Moreover, according to Zata, considered the most accurate chronicle for the dates of the best-known Pagan and Ava kings,[4] Kyansittha was born in 1030, and was about 20 years older than Sawlu. Maha Yazawin says Kyansittha was about four years older but the two later chronicles Yazawin Thit and Hmannan say Kyansittha was about a year younger than Sawlu. If Hmannan is correct about Kyansittha's age at death, Kyansittha was born in 1041.[note 2]

Inconsistent chronicle narratives[edit]

Furthermore, the chronicle narratives are filled with many inconsistencies. The chronicles claim that Anawrahta was already king when Pyinsa Kalayni was sent. But Anawrahta did not become king until 1044. Kyansittha had been born at least since 1030. Moreover, it was unlikely that the ruler of Wethali would have sent his daughter to Anawrahta who until 1044 was a prince but not to Sokkate, the king himself. The chronicles also claim that King Anawrahta tried to kill off all babies in the year that Kyansittha was born because his astrologers predicted that a new born would be king. Again, Anawrahta was not the king.

The meaning of the name Kyansittha[edit]

Kyansittha's birth name is lost to history. According to the Shwezigon Pagoda inscriptions dedicated by Kyansittha himself, the name Kyansittha is a title given by Anawrahta. The king gave him the title Kyansittha which means "the remaining/last standing soldier" because of the latter's knack for surviving in the battlefield.[5] But according to historian George Coedes, it is a corruption of the Pali word, kalan cacsa, meaning "soldier-official".[6]

Military career (1057–1070s)[edit]

Kyansittha grew up in relative obscurity until Anawrahta recalled his son at a later point (likely by his early teens). At Anawrahta's court, he was a minor prince under the shadow of his elder half-brother Sawlu, and served as a royal cadet in the Pagan army. Anawrahta soon recognized the ability of his son. According to tradition, in early 1057, the king made his teenage son one of four lead commanders in his invasion of Thaton Kingdom. (Anawrahta's appointment of Kyansittha as commander at such an early age indicates that Anawrahta considered Kyansittha his offspring. During the Burmese imperial era, only the royalty were allowed to assume a senior position in the army at an early age. Commoners, who had to earn that privilege over years of service, were never that young.) Pagan's forces captured Thaton after a 3-months' siege in May 1057. Kyansittha became famous as one of the Four Paladins.[7][8]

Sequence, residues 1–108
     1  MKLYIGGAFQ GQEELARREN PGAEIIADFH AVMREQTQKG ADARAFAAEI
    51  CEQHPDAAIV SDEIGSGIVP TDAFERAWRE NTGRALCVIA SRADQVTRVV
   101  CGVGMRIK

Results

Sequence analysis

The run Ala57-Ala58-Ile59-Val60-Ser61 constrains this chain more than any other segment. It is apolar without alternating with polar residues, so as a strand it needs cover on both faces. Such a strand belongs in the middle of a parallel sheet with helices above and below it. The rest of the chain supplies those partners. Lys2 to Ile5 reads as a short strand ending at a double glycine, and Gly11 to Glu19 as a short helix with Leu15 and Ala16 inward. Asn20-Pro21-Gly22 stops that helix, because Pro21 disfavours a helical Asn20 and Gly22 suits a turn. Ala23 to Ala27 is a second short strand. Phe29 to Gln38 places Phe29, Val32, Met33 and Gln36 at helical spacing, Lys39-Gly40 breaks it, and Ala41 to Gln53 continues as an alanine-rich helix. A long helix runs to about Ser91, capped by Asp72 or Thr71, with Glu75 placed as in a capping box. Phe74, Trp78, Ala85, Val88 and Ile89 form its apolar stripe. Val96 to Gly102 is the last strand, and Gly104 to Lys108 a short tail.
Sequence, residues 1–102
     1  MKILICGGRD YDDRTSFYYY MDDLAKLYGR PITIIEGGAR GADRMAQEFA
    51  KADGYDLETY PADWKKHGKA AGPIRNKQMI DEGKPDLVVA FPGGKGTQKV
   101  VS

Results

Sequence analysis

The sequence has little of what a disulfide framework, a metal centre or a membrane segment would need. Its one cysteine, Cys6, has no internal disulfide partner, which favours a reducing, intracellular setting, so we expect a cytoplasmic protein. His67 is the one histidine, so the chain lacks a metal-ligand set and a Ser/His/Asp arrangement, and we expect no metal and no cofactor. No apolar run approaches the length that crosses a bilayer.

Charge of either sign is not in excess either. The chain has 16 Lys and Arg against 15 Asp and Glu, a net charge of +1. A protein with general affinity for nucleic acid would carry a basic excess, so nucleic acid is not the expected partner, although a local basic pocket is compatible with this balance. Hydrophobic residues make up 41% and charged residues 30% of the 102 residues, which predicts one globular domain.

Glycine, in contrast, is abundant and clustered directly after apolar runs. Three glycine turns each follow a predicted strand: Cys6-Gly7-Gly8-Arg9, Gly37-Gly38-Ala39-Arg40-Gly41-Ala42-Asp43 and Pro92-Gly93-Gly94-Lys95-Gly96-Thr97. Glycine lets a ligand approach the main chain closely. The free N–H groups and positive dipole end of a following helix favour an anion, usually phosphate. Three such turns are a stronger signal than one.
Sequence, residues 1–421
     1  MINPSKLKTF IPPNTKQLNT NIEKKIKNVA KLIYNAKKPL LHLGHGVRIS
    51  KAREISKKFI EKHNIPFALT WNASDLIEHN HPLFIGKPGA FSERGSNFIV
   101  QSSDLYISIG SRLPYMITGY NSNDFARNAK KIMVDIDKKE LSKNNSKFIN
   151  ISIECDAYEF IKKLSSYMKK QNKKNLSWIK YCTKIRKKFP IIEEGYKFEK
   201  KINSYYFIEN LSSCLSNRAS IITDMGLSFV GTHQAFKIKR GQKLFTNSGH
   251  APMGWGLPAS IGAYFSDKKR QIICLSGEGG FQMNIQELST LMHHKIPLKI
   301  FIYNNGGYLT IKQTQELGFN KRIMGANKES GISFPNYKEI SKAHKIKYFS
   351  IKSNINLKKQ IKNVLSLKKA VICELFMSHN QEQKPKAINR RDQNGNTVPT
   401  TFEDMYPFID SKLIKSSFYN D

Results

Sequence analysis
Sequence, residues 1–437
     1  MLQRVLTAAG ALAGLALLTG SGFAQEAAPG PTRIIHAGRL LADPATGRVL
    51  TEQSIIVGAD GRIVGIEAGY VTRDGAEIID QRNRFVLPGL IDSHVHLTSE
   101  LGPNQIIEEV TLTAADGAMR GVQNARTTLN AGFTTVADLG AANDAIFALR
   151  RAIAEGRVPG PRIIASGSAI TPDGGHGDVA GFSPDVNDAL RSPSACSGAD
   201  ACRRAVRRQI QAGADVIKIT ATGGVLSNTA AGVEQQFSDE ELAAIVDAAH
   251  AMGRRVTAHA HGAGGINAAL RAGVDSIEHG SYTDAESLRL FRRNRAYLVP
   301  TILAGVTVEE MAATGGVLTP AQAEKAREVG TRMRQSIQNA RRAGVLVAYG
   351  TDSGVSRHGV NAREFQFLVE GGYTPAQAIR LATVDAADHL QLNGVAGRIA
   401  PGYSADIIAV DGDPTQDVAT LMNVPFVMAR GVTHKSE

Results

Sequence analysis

More recent research by historian Michael Aung-Thwin accepts Anawrahta's conquest of Lower Burma but argues that the chronicle narrative of the conquest of Thaton is a post-Pagan legend.[9]

Anawrahta went on found the Pagan Empire (also known as the First Burmese Empire) expanding his authority in all directions: northern Arakan in the west, Shan Hills in the north and east, and Tenasserim in the south. Kyansittha partook in all of Anawrahta's expeditions including one to the Nanzhao Kingdom, and in some cases (such as the Tenasserim campaign against the Khmer Empire) led them. Soon after the Thaton conquest, Kyansittha along with his three other "Paladins" were sent to take control of Tenasserim. The Four Paladins defeated the Khmer army, and Tenasserim became part of Pagan Empire from then on.[8]

In the early 1070s, Kyansittha was called into service to defend Pegu (Bago) against the raiders from the direction of Chiang Mai. The Pagan army easily drove out the raiders. The ruler of Pegu, whom Anawrahta had allowed to remain as viceroy for his cooperation in the 1057 conquest of Thaton, sent his young daughter, the lady Khin U, jewels and hair relics as presents for Anawrahta. On the journey to Pagan, Khin U was borne in a curtained litter, and Kyansittha rode at her side. During the long journey, they fell in love with each other so violently that the matter had to be reported to Anawrahta. It was the end of Kyansittha's career. He was sent into exile by the king.[10]